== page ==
Dear President Erdogan,
I’m writing in response to statements you made during a recent political rally. During your passionate speech, you mentioned that anyone from Australia that visits Turkey with ill intent will be sent back in coffins like our grandfathers. This was of course a reference to the Ottoman victory over an extremely hastily and disjointed attempt at invading coastline in the Dardanelles during World War 1. The fact that you think we would visit our fallen with ill intent to the Turkish nation and its people is laughable, but I’m not surprised in the slightest to hear such comments from you.
I won’t even fault you for having pride in the military prowess of your forefathers. This is a perfectly natural thing to do and national pride in the military feats of warriors past – as we know here in Australia – is a significant factor in forging and maintaining a national identity. We take great pride in our forefathers, some of whom were responsible for the last great cavalry charge in history. If you’re unfamiliar with the history to which I refer, I’m happy to explain. Following the failed attempt in the Dardanelles, the British forces re-grouped and mounted their offensive on the Ottoman Empire’s southern edge and the Palestine offensive swung into full gear. The British, unable to penetrate the well-entrenched Ottoman forces at Gaza, needed a new approach and enlisted the aid of a few Anzacs. Among these ANZACS were the men of the Light horse Divisions who were promptly mobilised for an attack on the Ottoman held town of Beersheba.
On the late afternoon of the 31st of October 1917:
“Victorian men of the 4th and New South Wales men of the 12th Australian Light Horse Regiments moved through the Wadi Abu Sha’ai and formed up behind a ridge and astride a track known as the “W” road. They were six and a half kilometres outside Beersheba. Three kilometres south-west of their position, the 11th Light Horse Regiment were ordered to follow the 4th and 12th in reserve’. Prior to stepping off, the troops were addressed by Brigadier-General Grant who told them: “Men, you are fighting for water. There’s no water between this side of Beersheba and Esani. Use your bayonets as swords. I wish you best of luck.” And with that, the charge commenced at a gentle walk”.
From there they charged the well-prepared Ottoman defences. The charge picked up pace as did the Ottoman machine gun fire but as the men of the Light Horse Division charged through Ottoman lines, the brutal hand to hand fighting ensued. The Ottoman’s who didn’t surrender were carved like Turkeys and our grandfathers – whose memory you see fit to desecrate – laid waste to the mighty forces of your ancestors. Better men than yourself. I see you left that scene out of the footage you showed the audiences during your election rallies.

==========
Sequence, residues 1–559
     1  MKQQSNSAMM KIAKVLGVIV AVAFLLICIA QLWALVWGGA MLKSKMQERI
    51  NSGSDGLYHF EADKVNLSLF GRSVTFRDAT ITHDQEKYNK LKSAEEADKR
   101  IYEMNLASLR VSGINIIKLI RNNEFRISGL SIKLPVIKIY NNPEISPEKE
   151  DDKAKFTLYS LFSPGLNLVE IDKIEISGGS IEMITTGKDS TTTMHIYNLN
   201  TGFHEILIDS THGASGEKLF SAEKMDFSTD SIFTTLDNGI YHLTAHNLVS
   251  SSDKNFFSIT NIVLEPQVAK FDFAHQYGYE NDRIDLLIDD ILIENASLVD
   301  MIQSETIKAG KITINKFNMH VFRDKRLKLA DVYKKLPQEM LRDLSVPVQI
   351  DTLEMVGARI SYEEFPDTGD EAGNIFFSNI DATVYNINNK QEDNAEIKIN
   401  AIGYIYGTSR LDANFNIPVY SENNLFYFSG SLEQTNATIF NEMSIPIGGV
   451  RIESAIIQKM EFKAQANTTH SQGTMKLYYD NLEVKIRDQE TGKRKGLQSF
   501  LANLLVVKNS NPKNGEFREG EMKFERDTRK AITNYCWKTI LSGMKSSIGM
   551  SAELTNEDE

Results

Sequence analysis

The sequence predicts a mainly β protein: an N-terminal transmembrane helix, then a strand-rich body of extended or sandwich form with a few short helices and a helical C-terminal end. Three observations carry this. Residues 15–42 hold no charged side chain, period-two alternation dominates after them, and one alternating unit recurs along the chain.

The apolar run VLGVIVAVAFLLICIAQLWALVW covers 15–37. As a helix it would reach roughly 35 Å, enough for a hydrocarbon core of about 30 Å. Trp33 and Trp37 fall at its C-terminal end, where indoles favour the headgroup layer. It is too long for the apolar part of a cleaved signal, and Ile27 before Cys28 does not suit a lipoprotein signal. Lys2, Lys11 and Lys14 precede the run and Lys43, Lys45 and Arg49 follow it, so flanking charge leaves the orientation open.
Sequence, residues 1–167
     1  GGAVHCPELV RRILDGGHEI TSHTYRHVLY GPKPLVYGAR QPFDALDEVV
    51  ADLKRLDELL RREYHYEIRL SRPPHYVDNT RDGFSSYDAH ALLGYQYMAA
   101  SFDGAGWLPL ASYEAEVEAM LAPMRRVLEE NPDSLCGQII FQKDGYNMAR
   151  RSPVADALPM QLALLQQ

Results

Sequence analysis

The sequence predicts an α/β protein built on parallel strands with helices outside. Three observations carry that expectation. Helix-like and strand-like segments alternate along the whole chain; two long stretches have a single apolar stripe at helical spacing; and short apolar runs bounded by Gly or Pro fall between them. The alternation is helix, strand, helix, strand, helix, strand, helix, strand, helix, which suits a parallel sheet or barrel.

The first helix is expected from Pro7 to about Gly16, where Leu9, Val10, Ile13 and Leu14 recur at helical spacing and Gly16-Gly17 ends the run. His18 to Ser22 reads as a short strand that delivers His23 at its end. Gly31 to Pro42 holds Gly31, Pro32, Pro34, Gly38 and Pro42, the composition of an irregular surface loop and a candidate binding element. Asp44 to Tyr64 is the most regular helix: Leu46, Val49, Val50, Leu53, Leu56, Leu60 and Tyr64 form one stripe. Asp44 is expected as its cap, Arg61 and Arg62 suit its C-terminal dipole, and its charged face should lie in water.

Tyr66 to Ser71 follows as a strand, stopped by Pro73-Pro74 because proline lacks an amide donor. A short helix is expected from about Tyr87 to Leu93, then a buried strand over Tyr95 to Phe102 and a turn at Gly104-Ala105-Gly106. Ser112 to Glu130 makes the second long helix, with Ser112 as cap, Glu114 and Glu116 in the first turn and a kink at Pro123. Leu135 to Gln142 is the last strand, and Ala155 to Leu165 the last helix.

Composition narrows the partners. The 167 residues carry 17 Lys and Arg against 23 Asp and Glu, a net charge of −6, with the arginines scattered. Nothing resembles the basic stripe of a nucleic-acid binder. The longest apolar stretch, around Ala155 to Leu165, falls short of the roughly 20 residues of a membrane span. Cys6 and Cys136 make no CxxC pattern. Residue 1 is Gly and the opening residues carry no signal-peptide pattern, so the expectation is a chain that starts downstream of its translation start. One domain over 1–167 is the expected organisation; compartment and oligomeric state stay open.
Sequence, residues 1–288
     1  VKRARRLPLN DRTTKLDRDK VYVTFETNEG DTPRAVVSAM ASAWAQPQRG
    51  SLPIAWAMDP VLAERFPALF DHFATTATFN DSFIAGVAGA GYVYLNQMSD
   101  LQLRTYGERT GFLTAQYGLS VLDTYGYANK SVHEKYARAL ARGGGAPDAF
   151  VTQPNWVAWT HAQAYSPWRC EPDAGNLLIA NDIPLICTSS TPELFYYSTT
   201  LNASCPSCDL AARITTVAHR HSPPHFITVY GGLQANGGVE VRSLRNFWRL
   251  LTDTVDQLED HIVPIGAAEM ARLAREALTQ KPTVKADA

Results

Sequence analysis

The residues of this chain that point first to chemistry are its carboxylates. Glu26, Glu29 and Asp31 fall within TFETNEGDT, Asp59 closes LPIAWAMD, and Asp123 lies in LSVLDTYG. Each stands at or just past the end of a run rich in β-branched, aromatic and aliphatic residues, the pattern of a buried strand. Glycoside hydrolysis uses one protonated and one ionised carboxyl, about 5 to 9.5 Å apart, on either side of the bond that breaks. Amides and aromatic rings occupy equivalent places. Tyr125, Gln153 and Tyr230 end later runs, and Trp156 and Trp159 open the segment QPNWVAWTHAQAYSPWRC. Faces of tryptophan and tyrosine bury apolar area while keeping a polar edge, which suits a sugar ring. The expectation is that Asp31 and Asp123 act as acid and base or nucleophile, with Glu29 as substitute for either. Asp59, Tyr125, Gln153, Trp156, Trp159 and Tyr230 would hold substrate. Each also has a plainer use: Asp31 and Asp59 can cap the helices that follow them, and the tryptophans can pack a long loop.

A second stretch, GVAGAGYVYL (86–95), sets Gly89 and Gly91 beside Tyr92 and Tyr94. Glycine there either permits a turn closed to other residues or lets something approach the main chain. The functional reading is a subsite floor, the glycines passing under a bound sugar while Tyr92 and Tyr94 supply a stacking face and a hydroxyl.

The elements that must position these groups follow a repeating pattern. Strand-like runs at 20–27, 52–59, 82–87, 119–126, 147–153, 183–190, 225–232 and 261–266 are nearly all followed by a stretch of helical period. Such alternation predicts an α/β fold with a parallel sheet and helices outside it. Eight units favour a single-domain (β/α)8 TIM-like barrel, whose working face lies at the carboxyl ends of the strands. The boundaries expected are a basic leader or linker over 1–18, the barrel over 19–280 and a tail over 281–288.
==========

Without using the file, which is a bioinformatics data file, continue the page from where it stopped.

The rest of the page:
Now to be clear, a miniscule amount of us like to boast about victories that we did not have a hand in. We don’t even boast about those that we did. We find it obnoxious. But in light of your refusal to apologise to us, I feel no reservations about reminding you that it was ANZAC blades and fists that delivered the crippling blow which hastened and ensured the end of the mighty, 600-year-old Ottoman Empire.
I remind you that most Australians are happy to treat foes of the past with the admiration they deserve, if not for their ideologies and intent, then for their grit and determination on the battlefield in defence of their people. I hold no ill will to the people for the people of Turkey and certainly not for those who live among us here in Australia. Mustafa Kemal Attaturk shared this exact sentiment of admiration for former enemies by assuring Australians that our sons “are now laying in the soil of a friendly country, therefore rest in peace”. Kemal Attaturk was one of the finest exemplars of what a national leader should be and forged a legacy that has carried his name and will carry his name long after the Erdogans of the world are dead and buried. And this brings me to why I do not feel the slightest bit of rage towards you Mr. President. Because you’re a passing phase. A man who silences his people because you can’t stand up to scrutiny. Who detains teenage kids who tear down posters of you. A man who uses diplomatic action to silence a poet in another country who dared poke fun at you. A weak man. Nay, a sick man.
I, nor any of my fellow Australians have a thing to fear from you. I see the opposition and animosity towards you growing and the manner in which you exercise such little prudence in managing the discontent both in your own nation and abroad.
You can’t silence us. You can’t punish us. And you sure as hell can’t ‘make me pay’ for anything.
I’ll leave you with the words from The Spectator’s President Erdogan Offensive Poem winner, Boris Johnson:
There was a young fellow from Ankara
Who was a terrific wankerer
Till he sowed his wild oats
With the help of a goat
But he didn’t even stop to thankera.
A fearless ANZAC.